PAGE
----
A new study has found that people with longer ring fingers relative to the index finger are much more likely to have motor neurone disease.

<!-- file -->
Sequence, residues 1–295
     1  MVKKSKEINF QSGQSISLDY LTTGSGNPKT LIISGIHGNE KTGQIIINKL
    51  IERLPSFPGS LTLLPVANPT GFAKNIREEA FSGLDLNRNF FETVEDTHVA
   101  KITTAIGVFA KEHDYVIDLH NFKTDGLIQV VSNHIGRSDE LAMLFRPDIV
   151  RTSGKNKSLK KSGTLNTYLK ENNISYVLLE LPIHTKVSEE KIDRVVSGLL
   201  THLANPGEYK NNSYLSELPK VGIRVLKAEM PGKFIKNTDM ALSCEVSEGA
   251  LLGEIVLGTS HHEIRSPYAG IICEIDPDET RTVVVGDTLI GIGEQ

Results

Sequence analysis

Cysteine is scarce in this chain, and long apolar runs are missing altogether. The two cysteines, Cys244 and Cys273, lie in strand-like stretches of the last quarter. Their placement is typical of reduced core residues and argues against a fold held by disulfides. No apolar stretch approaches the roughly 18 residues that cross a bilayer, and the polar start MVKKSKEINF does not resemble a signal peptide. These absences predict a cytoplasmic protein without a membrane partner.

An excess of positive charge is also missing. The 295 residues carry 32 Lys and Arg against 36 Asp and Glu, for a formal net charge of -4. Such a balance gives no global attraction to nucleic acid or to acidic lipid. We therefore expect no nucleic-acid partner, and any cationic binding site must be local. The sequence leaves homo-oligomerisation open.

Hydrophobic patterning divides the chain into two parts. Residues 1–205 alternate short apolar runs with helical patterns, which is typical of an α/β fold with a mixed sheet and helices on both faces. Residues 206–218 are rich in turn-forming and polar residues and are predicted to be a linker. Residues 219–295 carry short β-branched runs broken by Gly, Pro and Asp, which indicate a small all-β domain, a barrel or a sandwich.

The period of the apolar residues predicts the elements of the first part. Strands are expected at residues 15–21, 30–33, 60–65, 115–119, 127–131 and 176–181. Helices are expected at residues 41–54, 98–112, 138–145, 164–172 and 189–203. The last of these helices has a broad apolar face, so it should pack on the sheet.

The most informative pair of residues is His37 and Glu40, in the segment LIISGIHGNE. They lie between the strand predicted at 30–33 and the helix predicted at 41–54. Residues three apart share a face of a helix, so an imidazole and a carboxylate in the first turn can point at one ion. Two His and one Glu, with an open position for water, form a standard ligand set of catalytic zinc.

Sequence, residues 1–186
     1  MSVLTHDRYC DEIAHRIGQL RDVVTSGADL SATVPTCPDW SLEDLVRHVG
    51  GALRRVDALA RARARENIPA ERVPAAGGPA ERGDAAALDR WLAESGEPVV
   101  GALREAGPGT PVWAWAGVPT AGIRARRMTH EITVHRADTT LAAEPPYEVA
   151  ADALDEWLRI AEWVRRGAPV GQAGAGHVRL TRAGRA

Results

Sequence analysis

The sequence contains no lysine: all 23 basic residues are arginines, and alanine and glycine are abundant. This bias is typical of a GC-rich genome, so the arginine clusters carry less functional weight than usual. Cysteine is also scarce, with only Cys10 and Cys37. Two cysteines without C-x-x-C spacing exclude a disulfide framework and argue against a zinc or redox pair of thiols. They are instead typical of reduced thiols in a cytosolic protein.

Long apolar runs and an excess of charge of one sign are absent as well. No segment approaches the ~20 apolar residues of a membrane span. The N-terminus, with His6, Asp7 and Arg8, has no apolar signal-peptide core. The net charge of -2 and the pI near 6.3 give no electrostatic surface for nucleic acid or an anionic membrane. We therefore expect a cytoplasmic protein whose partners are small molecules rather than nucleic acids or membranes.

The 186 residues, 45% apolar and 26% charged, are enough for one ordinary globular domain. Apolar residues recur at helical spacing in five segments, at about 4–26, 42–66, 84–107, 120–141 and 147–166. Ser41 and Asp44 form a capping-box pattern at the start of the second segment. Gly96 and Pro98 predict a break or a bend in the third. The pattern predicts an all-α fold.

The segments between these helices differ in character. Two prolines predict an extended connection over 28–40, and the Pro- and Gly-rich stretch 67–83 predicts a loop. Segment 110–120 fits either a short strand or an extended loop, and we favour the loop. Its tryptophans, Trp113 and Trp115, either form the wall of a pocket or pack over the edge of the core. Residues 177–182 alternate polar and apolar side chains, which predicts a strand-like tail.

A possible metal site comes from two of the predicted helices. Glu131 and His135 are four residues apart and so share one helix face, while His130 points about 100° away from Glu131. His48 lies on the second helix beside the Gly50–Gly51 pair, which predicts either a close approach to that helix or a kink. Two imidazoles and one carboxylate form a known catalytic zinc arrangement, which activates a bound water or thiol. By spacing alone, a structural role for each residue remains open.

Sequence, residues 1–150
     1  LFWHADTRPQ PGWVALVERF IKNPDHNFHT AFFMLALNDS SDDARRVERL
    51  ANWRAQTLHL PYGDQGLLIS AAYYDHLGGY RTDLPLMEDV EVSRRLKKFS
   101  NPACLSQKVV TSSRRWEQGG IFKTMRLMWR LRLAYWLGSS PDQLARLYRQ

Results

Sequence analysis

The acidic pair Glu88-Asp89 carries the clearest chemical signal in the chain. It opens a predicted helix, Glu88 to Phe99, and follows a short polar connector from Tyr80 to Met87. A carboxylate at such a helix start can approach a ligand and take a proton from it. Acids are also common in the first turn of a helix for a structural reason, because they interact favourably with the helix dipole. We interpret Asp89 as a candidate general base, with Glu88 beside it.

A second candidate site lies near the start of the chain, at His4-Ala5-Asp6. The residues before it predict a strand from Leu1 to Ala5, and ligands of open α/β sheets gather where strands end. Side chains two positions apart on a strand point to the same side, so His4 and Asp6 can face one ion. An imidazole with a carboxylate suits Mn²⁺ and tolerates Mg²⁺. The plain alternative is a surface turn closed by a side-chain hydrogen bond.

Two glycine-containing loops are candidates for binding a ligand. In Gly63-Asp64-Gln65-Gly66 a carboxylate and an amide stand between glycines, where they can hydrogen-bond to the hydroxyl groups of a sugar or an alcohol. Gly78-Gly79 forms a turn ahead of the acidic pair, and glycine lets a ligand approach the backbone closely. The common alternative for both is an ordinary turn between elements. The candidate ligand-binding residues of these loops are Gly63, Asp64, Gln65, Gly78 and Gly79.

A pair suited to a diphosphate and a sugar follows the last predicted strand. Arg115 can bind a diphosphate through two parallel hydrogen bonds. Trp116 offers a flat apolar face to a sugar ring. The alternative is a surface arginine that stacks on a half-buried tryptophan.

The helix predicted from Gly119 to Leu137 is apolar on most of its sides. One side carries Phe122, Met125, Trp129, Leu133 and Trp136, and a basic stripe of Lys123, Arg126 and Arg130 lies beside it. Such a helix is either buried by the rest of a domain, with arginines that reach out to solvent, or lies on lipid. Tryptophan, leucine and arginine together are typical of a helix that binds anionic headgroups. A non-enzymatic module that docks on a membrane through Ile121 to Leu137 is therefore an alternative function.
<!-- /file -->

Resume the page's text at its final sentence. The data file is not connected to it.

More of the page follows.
However, experts say finger length cannot help screen for ALS and more work is needed. "This simple, but carefully conducted study raises some interesting questions about how events occurring before birth may increase the risk of developing motor neurone disease later in life," the BBC quoted Dr Brian Dickie of the Motor Neurone Disease Association, as saying. "But it`s important to remember that exposure to higher testosterone in the womb does not directly cause motor neurone disease," he said. "Many people with long ring fingers will never develop motor neuron disease as we believe there are numerous genetic and environmental factors that need to coincide in order to trigger the disease," he added. The finding is published in the Journal of Neurology, Neurosurgery and Psychiatry. ANI
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